Stone found evidence of well organized training courses covering public hygiene and infectious diseases, hundreds of public lectures on the fight against typhus and an underground medical university for young students.

General hygiene and apartment cleanliness were encouraged and sometimes enforced. Social distancing was considered basic common sense, and home quarantining was not uncommon. Many volunteer soup kitchens were opened up in the period before the epidemic’s decline.

“In the end, it appears that the prolonged determined efforts of the ghetto doctors and anti-epidemic efforts of community workers paid off,” Stone says.

“There is no other way we can find to explain the data.”

Holocaust historian Stephan Lenstaedt from Touro College in Berlin assessed the team’s modeling in relation to archival material.

It tallied with primary sources including respected historian, Israel Gutman, who wrote “while almost 100,000 ghetto residents died mostly from starvation and disease in the period up until July 1942, a similar or greater number were saved thanks to the dedicated relief workers and self-help relief agencies operating.”

“The tragedy, of course,” says Stone, “is that almost all of those lives saved through these sacrifices, discipline and community programs would soon end in extermination at the Nazi death camps.”

Typhus – a bacterial disease spread by lice – had pandemic status in Europe. It is less contagious but deadlier than COVID-19.

While the two diseases spread and behave differently, the team says there are still parallels and lessons to be learnt.

“Today, more than ever, society needs to grasp how the damage caused by a tiny virus or bacteria can create utter havoc, dragging humankind to the terminal point of evil as witnessed over the Holocaust,” Stone says.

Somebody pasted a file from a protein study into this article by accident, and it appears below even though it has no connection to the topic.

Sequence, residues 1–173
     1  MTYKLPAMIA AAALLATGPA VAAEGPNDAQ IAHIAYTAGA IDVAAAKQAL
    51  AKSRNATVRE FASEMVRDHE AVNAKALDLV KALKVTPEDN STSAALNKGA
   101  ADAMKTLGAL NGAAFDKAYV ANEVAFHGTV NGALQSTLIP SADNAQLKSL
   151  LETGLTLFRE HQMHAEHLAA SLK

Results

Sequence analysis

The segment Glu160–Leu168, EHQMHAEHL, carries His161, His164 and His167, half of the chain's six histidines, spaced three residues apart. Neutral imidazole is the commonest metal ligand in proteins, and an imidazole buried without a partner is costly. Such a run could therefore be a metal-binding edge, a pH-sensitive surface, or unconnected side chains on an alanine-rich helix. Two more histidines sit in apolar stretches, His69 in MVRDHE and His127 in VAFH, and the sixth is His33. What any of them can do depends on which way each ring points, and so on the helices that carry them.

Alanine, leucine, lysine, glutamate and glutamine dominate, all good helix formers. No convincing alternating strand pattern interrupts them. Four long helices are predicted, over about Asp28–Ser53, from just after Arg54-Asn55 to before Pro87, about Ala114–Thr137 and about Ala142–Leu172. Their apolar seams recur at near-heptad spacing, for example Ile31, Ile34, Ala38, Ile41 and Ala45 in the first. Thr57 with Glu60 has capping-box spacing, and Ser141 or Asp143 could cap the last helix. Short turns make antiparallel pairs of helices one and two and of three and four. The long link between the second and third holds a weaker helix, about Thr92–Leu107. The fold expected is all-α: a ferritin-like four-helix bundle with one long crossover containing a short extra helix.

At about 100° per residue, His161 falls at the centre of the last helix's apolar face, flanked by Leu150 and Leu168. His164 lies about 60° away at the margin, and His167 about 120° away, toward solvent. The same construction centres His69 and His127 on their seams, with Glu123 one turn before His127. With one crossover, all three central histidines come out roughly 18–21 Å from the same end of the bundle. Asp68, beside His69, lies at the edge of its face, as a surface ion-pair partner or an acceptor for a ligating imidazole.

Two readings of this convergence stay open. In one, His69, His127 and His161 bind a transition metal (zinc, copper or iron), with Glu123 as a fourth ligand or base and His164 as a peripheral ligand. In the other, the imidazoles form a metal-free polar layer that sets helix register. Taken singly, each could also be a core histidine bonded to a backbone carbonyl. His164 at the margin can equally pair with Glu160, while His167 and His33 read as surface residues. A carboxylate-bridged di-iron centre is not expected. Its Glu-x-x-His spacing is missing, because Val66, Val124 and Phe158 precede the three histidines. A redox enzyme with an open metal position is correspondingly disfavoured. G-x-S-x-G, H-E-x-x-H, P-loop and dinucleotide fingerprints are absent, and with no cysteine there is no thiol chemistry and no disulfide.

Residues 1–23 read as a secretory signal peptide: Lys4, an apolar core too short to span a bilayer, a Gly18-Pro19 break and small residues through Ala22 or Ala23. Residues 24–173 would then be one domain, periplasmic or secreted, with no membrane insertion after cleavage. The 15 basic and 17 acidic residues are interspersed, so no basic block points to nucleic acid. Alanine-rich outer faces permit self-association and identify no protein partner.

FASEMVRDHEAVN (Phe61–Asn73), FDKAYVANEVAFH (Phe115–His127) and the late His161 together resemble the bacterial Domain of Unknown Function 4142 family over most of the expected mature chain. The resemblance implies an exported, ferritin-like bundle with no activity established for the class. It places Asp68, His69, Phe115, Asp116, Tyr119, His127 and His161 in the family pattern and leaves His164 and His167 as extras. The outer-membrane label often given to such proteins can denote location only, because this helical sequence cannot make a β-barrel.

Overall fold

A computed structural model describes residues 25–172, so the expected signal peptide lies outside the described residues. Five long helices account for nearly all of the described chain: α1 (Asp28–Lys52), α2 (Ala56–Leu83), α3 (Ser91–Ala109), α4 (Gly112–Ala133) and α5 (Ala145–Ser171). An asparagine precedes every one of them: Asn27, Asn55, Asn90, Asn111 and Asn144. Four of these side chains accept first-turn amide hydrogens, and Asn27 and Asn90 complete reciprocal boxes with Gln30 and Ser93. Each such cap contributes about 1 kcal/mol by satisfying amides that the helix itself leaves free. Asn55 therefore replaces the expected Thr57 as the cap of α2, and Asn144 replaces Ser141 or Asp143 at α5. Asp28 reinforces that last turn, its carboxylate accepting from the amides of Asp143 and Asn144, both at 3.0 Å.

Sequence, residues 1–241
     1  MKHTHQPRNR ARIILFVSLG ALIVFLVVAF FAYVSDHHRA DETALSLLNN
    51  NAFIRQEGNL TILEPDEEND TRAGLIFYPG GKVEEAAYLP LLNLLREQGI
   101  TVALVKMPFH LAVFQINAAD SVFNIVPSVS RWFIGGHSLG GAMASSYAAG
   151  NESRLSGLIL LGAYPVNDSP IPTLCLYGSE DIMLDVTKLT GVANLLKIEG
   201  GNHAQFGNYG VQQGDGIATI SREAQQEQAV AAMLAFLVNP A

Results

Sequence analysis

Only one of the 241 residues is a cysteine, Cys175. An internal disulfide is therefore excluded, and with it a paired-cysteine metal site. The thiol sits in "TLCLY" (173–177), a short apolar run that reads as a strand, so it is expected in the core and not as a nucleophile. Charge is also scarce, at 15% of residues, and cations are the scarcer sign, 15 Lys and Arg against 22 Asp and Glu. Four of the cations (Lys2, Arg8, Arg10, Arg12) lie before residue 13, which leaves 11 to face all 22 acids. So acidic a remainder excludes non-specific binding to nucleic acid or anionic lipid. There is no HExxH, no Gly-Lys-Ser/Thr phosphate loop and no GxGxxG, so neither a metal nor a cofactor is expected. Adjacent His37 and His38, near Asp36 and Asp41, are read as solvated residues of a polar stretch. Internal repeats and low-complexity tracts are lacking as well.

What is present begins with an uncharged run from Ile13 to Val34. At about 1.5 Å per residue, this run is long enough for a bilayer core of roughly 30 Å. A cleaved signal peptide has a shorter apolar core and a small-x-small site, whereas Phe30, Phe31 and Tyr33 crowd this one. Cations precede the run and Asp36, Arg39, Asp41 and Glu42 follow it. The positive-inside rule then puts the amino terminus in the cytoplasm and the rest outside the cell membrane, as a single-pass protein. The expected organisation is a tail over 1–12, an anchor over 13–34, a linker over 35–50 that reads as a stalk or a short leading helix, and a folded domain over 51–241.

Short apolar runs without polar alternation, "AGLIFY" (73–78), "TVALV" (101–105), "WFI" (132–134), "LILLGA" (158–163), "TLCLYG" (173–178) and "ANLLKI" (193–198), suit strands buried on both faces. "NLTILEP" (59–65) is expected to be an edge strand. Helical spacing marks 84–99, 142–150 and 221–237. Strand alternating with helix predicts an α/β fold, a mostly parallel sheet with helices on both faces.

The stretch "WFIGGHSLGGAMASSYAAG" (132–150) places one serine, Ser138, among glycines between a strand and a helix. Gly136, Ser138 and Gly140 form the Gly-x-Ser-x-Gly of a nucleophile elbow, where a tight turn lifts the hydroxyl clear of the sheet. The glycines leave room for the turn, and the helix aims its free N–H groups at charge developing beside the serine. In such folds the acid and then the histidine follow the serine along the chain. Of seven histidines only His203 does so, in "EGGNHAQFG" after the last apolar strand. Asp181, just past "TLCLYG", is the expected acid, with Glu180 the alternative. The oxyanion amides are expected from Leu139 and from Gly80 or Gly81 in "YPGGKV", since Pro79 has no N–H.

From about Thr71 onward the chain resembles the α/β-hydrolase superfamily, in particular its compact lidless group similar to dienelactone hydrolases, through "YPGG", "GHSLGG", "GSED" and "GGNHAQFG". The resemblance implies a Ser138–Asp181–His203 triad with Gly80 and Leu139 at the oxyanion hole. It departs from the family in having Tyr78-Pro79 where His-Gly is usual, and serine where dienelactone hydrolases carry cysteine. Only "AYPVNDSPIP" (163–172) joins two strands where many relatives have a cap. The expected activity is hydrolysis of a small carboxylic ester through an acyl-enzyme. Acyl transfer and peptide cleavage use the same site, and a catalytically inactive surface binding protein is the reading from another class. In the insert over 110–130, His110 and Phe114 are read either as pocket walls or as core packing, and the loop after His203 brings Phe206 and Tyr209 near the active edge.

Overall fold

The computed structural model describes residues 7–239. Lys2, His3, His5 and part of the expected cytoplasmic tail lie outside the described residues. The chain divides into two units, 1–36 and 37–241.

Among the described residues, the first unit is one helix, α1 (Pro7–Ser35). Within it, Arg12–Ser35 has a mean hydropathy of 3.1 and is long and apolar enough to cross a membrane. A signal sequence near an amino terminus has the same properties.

“As those in the Warsaw Ghetto demonstrated, however,” Artzy-Randrup explains, “the actions of individuals in practicing hygiene, social distancing and self-isolating when sick, can make a huge difference within the community to reduce the spread.

It is the cooperation and active recruitment of communities that beat epidemics and pandemics, not government regulations alone. Only recently have we witnessed at close view how essential community engagement has been in containing and defeating the deadly and horrifying spread of Ebola outbreaks across African countries.

This study is a unique instance where quantitative and qualitative methods could be used for revealing hidden historical processes at the interface of infectious diseases and society, that are directly relevant to the present COVID-19 crisis.

Unquestionably, there are invaluable lessons for us to learn from the past,” says Lehnstaedt.

The study, “Extraordinary curtailment of massive typhus epidemic in the Warsaw Ghetto,” is published in Science Advances.

The Holocaust (9) refers to the Nazi-German annihilation of some 6 million members of European Jewry during WWII (1939–1945). It is not widely known that this genocide was triggered in no small part by alleged public health concerns and Germany’s obsession with disease and fear of epidemics.